Personal profile

Research interests

Juan Zhang is Senior Lecturer in Social Anthropology at the Department of Anthropology and Archaeology, UoB.

Prior to Bristol, Juan held research and teaching positions at the University of Queensland (Australia), University of New England (Australia), and the Asia Research Institute, National University of Singapore (NUS).

Juan’s research explores borders and transnational mobilities in various forms – from memories and livelihoods at the margins of China and Vietnam, to the global flows of labour and capital in and out of Asian casino spaces; from transnational marriages and family life to Asian migrant im/mobilities under differentiated pandemic governance. 

Broadly speaking, Juan’s research engages with three main themes: Asian Borderlands, Migrant Im/mobilities & Transnationalism, Transnational Cultural Politics & China.

Research interests

1) Asian Borderlands

Borders matter because they create unique connections and ruptures across diverse communities and geographies. The re-opening of frontiers has unleashed a development frenzy evident in new railways, road networks, import/export zones, trading ports, markets and casinos. And sudden border closures challenges assumptions on frictionless travels and the right to freedom of movement.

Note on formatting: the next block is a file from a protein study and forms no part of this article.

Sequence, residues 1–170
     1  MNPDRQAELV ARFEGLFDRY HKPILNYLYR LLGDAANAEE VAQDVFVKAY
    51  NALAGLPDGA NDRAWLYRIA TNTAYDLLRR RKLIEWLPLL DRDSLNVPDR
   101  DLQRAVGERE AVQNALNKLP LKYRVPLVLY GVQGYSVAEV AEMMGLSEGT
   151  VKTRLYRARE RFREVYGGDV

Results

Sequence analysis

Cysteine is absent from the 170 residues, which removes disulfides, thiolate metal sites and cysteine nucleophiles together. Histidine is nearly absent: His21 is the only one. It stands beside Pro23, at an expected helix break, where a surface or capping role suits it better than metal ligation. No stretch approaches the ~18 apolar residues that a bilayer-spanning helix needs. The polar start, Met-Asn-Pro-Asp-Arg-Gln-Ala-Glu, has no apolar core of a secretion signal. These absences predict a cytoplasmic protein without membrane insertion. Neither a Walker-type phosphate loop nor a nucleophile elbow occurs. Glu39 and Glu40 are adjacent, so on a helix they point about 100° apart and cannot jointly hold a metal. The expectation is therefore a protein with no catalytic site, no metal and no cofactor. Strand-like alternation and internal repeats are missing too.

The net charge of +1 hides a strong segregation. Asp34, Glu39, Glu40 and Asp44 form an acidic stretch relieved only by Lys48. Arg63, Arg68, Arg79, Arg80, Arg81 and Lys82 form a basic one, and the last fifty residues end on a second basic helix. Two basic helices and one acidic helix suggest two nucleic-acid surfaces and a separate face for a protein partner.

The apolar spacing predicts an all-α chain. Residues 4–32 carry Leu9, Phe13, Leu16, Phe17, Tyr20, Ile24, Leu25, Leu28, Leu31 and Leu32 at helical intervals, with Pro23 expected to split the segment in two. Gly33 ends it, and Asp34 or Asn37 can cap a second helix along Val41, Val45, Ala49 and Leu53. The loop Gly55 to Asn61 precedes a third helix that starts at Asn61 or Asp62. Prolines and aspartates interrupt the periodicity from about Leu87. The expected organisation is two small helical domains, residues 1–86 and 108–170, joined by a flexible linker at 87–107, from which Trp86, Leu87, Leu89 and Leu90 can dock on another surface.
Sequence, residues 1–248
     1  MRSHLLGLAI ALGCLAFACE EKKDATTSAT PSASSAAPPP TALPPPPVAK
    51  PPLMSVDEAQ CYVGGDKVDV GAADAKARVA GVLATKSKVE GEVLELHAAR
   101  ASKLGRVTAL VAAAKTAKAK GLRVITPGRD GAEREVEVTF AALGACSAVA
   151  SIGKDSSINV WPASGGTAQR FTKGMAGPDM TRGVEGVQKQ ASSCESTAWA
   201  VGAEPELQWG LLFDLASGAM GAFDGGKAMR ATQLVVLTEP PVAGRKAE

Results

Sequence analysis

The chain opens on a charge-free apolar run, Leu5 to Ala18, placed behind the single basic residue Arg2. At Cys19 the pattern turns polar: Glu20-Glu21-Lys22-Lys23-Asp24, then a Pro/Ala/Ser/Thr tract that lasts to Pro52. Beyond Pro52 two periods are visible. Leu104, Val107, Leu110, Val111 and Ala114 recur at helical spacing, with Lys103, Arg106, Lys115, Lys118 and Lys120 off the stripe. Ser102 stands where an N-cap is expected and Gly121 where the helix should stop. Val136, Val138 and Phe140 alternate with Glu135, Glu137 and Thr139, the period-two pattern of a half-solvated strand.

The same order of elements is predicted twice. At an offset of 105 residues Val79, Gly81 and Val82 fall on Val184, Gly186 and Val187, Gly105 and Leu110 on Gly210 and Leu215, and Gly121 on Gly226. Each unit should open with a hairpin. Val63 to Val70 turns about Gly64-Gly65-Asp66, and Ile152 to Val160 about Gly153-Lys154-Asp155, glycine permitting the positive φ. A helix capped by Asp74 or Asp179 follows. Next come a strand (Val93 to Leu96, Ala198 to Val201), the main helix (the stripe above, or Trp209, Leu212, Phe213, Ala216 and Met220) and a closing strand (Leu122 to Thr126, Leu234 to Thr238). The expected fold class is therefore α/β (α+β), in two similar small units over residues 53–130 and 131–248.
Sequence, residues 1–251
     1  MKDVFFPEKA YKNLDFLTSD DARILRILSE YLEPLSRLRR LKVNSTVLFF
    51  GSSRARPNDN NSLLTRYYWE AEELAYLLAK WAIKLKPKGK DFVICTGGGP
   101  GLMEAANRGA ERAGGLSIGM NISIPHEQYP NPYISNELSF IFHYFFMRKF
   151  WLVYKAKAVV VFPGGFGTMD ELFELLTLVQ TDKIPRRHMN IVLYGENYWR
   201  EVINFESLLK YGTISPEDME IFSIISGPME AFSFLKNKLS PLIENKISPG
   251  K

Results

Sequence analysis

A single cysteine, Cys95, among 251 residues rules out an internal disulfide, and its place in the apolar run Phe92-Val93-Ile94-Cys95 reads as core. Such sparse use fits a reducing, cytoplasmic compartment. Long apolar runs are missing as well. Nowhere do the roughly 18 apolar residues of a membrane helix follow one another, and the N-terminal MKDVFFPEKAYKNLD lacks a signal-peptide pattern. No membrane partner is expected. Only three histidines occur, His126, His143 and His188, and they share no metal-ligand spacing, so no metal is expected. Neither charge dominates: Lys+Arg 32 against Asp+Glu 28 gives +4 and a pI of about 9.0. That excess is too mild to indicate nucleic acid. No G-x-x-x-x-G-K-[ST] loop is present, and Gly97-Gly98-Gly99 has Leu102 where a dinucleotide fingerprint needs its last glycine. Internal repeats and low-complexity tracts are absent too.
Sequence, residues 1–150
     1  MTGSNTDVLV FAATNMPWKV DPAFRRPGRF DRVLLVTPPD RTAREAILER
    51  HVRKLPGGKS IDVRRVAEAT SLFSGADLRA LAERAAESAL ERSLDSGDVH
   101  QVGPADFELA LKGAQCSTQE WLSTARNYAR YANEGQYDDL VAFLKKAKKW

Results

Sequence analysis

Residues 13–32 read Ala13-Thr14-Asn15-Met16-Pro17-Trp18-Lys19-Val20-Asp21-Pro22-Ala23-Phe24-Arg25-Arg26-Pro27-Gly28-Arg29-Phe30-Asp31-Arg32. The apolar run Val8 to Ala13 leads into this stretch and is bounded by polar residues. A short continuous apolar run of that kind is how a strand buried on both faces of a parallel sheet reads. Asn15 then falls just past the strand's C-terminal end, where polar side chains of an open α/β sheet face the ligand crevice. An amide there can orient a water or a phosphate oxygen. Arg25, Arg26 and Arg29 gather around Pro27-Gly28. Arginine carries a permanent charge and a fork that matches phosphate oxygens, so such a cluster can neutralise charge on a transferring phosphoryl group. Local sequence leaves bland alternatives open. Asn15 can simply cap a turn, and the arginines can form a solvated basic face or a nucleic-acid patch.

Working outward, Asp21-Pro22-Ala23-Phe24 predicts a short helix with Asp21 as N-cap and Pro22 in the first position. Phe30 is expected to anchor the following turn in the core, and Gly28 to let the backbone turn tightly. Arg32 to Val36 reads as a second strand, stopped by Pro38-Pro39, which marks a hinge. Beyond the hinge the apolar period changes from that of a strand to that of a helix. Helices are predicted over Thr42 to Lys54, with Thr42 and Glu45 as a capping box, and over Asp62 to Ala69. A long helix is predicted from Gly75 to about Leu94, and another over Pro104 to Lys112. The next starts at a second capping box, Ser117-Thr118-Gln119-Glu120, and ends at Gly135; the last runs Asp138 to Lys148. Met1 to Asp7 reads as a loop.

My work on borders started at the margins of China and Vietnam, with a particular focus on everyday cross-border interactions as a catalyst for local and regional socioeconomic transformation. My co-edited open-access book The Art of Neighbouring: Making Relations Across China's Borders (2017, University of Amsterdam Press) presents the different ways in which borderland communities at national peripheries deploy the "art of neighbouring" and build new forms of solidarity and collaboration.

I serve the editorial board of Journal of Borderlands Studies (2020-2025). I am also a core committee member of the Asian Borderlands Research Network (ABRN). At ABRN, we organise international conferences with an Asian partner every two years. The next ABRN conference “Borderland Futures: Technologies, Zones, Co-existences” will take place in June 2022 in Seoul, South Korea.   

My other writing on borders include:

2021. “Casinos as special zones: Speculative development on nation’s edge”, in Chettri, M., and Eilenberg, M., (eds) Development zones in Asian borderlands, Amsterdam: Amsterdam University Press.

2018. “Permissive politics and entrepreneurial transgression in a Chinese border townSojourn: Journal of Social Issues in Southeast Asia 33(3): 576-601.